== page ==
Take a guess at how much money is just sitting around in Chinese vaults waiting for foreign sellers to claim it. If you said $1 billion, multiply by 2,000 and try again.
James Chan is dumbfounded that American companies have not caught on to this. Sellers here stick to the one half of the profit equation they have always used — buy widgets from a distributor in a place like China, where you can get them for half the price, then sell them in the market for the same price you always charged. But while American companies love to buy from China, few have tried selling to it. Even with $2 trillion lying in wait.
Chan, who owns the international marketing consulting firm Asia Marketing Management in Philadelphia (www.asiamarketingmanagement.com), will present “Export To China” on Friday, June 26, at 10:15 a.m. at Monmouth University in West Long Branch. Cost: $45. For information on the seminar’s content, contact Thomas.mottley@N0SPAM.mail.doc.gov1 or call 732-571-3641. For registration details E-mail sbaevents@N0SPAM.monmouth.edu2 or call 732-571-3636.
Born in Guangzhou, China, in 1949, Chan earned his bachelor’s in geography from the University of Hong Kong in 1970. He came to America in 1971 and earned a master’s in geography from the university of Chicago in 1973. He began his professional life as assistant professor of geography at Boston University in 1977, the year he earned his Ph.D. in the industrial and commercial geography of China from the University of Michigan, Ann Arbor. He was an associate professor of geography at the State University of New York at Cortland.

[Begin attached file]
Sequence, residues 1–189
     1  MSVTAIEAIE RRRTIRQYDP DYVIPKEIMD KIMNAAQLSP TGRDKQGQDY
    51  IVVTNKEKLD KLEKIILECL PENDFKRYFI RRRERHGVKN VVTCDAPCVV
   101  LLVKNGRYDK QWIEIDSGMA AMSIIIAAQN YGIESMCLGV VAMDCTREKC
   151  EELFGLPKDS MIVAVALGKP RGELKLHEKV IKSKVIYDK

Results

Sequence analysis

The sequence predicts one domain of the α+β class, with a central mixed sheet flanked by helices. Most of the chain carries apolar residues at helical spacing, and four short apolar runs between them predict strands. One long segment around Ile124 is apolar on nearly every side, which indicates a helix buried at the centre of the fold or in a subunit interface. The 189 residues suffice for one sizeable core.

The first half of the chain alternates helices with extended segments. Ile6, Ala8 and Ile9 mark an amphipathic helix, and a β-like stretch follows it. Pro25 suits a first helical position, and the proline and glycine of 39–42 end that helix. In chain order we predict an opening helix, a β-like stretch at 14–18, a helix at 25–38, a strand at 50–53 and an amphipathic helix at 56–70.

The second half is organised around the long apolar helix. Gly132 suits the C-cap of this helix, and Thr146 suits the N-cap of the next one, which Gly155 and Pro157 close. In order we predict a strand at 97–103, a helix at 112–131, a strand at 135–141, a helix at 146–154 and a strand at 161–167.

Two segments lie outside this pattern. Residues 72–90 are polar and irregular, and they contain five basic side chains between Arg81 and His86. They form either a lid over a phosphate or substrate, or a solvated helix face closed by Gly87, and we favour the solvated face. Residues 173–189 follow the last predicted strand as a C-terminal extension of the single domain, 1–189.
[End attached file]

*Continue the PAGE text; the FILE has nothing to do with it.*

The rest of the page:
China opened to trade with the west in 1979. In 1981 Chan left teaching for a a career in marketing and promotions at Academic Press. This was at a time when China was dirt poor — so poor, in fact, that Chan remembers hearing stories of American parents trying to coax their children into finishing what was on their plates because “there are children starving in China who would love to have that food.”
But at Academic Press, Chan had an idea. He was in charge of selling technical textbooks to college libraries in the States, and it hit him that China had its own high-end colleges. So Chan convinced his bosses to let him market science and math books to the top 1,000 colleges in China. “I had to wait 11 months for the first check,” Chan says. “It was for $150,000 — U.S and prepaid. That meant guaranteed funds, no risk.”
Chinese universities became a valuable customer to Academic Press almost instantly. That $150,000 — which is about $300,000 adjusted for today’s money — came from a poor country looking to better itself, and it kept coming as Academic kept selling. Two years later Chan founded his consulting practice and started trying to alert American businesses to gold mine they have been ignoring.